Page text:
We're looking to add a few key team members to our family over here at EMC! Take a look and see if you're interested! Please submit your resume through our resume system and feel free to let me know you did so, so that we can be on the lookout for it.
Does the vanity plate on
your car start with http://?
Do you *love* helping
others understand and leverage the power of the web?
If so, you may be
interested in a couple of cool opportunities here at EMC. We're looking for two talented folks to join
our Digital Strategy Team. Sound interesting? Read on for more info...
Some disclaimers first...
As much as I love to
receive resumes through Yammer, Utterz, and Twitter,
I'd ask that anyone interested go through the normal channel of submission.
Basically, that means follow the relevant link below and submit your resume.
Also, some browsers
struggle with deep links into our recruiting system. If you click a link and
get a 'cookies not accepted' error or similar, just grab the REQ ID for the
respective job and try a search for it here.
So - who are we
The first opportunity (REQ ID 49681BR) is for a Sr.
Project Manager / Web Consultant. We're looking for someone who has a
deep understanding and a passion for the online space. A collaborative
individual who can lead complex web projects, help others understand and
leverage the online channel, and help drive the ongoing definition and
execution of our digital road map.
team player is key - and the right candidate should feel at home discussing the
evolution of the social web, enterprise 2.0, rich media, SEO and SEM,
etc;. Experience deploying / managing large web sites and leading cross
functional teams is a plus here.
Next up, an opportunity for
Manager / Web Publisher (REQ ID
49680BR). We're looking for an individual to help advance EMC's
corporate Intranet, working closely with contributing groups to ensure business
objectives are met.
The successful candidate here should have experience
building and maintaining web sites, including UI / UX experience, familiarity
with design and production tools (Photoshop, Dreamweaver, etc;), strong
attention to detail and solid communication / project management skills.
Experience with Intranets obviously a plus.
I've shared a bit in the past about my take on
corporate culture. Suffice it to say a talented, passionate and motivated
individual can build one heck of a career here. Interested? Submit your
credentials and let's talk!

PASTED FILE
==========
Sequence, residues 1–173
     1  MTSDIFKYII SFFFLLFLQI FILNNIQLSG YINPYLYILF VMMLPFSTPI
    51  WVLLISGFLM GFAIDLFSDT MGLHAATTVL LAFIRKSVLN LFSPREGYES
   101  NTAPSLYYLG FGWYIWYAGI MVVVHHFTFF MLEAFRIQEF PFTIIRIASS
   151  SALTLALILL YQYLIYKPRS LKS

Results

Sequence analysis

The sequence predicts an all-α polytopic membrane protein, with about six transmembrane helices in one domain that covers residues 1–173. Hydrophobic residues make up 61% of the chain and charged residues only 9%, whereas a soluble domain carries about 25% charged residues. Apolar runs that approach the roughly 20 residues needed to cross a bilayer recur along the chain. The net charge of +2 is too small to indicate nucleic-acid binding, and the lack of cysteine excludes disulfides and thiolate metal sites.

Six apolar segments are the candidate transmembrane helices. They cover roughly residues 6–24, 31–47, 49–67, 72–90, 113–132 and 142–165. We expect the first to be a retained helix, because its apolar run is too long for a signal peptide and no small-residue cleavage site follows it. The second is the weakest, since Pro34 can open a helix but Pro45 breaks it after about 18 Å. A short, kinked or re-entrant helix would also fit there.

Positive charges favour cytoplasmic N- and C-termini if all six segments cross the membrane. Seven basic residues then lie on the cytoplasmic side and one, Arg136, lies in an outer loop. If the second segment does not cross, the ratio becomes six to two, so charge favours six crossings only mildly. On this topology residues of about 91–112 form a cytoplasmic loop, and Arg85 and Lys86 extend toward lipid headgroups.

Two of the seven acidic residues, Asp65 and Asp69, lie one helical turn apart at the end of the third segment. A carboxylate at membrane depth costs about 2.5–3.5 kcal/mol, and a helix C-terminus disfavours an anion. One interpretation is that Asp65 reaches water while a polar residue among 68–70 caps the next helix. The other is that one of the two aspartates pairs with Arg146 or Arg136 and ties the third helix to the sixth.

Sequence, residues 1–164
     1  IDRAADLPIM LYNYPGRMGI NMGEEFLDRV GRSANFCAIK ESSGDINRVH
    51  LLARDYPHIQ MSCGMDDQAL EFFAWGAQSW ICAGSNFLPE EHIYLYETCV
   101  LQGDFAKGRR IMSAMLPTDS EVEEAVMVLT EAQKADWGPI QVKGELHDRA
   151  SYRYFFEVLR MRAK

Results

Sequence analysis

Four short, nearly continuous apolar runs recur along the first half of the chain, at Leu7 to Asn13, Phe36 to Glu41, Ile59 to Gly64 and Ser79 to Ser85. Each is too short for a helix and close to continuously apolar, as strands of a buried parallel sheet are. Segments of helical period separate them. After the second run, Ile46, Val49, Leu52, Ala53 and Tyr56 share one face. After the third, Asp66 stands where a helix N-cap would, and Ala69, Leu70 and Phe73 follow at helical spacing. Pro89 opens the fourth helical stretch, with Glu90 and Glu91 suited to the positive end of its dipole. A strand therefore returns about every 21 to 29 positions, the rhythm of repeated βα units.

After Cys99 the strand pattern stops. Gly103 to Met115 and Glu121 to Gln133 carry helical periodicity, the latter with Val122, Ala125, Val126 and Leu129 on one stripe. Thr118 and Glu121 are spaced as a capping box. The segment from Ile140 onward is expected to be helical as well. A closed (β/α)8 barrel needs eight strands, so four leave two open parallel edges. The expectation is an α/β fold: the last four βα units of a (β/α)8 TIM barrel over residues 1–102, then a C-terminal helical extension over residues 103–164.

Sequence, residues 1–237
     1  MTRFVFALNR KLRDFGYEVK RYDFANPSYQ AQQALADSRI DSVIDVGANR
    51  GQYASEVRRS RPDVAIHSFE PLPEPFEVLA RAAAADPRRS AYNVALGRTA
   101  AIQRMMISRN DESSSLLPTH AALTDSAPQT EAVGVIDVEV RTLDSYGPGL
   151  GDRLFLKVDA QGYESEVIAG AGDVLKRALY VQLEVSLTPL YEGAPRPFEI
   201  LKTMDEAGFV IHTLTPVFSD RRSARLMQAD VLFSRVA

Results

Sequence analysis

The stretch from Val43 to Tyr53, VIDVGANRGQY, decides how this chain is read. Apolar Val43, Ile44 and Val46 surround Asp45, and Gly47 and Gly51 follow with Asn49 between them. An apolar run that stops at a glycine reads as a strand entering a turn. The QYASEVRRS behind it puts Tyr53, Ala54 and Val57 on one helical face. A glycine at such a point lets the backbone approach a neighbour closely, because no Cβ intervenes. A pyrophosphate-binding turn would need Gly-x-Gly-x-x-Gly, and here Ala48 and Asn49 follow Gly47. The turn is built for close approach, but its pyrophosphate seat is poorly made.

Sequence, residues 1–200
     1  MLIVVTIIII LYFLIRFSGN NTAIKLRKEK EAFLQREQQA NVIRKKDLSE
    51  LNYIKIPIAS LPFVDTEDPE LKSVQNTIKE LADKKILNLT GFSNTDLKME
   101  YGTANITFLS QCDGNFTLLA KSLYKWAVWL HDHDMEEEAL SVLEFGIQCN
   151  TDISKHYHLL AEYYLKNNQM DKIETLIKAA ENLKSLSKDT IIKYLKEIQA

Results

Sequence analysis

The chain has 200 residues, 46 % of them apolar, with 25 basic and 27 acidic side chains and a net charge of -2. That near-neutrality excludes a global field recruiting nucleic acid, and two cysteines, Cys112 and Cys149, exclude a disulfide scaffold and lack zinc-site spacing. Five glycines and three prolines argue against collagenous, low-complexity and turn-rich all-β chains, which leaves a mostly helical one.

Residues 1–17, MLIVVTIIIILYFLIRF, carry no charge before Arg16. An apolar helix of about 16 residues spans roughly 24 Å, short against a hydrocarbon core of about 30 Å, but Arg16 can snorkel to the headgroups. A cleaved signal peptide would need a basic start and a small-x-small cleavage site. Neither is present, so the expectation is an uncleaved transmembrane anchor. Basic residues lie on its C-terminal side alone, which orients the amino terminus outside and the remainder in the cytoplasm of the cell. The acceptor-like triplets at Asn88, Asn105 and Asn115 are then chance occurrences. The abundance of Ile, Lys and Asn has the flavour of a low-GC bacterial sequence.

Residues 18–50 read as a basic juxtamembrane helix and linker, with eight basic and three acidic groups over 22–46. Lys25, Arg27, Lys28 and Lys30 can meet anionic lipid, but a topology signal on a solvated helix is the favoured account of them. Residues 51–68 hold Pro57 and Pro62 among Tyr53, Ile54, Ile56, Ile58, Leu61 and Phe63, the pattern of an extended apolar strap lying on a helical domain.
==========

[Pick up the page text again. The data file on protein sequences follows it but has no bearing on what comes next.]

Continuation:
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EMC's 2010 Information Calendar and widget is out in full force - have you checked it out yet? If not, you should! Packed with 365 days of fun photos and interesting facts, it's a fun addition to any blog or website! A cool new feature this year is the ability to add notes and keep track of interesting dates, appointments, birthdays, meetings - all that stuff you don't want to forget. And the best part is, it's all private, so you don't have to worry about anyone finding out that you celebrate your dog's birthday every year with a special doggy cake and ice cream, not that there's anything wrong with that!
am just back from a week in San Francisco attending the Enterprise 2.0 Conference in San
Fran as a featured speaker along with a whole host of other
industry experts. Those of us that were on the keynote stage got “backstage
passes” and felt a bit like rock stars walking around. Thanks to everyone who made it possible for me to attend a great conference!
my part, I participated in a panel with five other members from the 2.0 AdoptionCouncil entitled “Is Enterprise
2.0 a Crock?” I’ll share more on the panel and the whole idea of E 2.0 “crock-i-ness” in general in another post, as I’d like to get my overall conference thoughts down here first as well as share some advice based on ongoing discussions I had with folks at the conference that I hope to be helpful to them, as well as anyone else trying to do this.
thing that’s still very clear to me from the conference, and the folks that I talked
to there, is that Enterprise 2.0 is alive and well in terms of both interest in
“cracking the code” of rollout and implementation as well as interest in and a hunger for examples of companies that are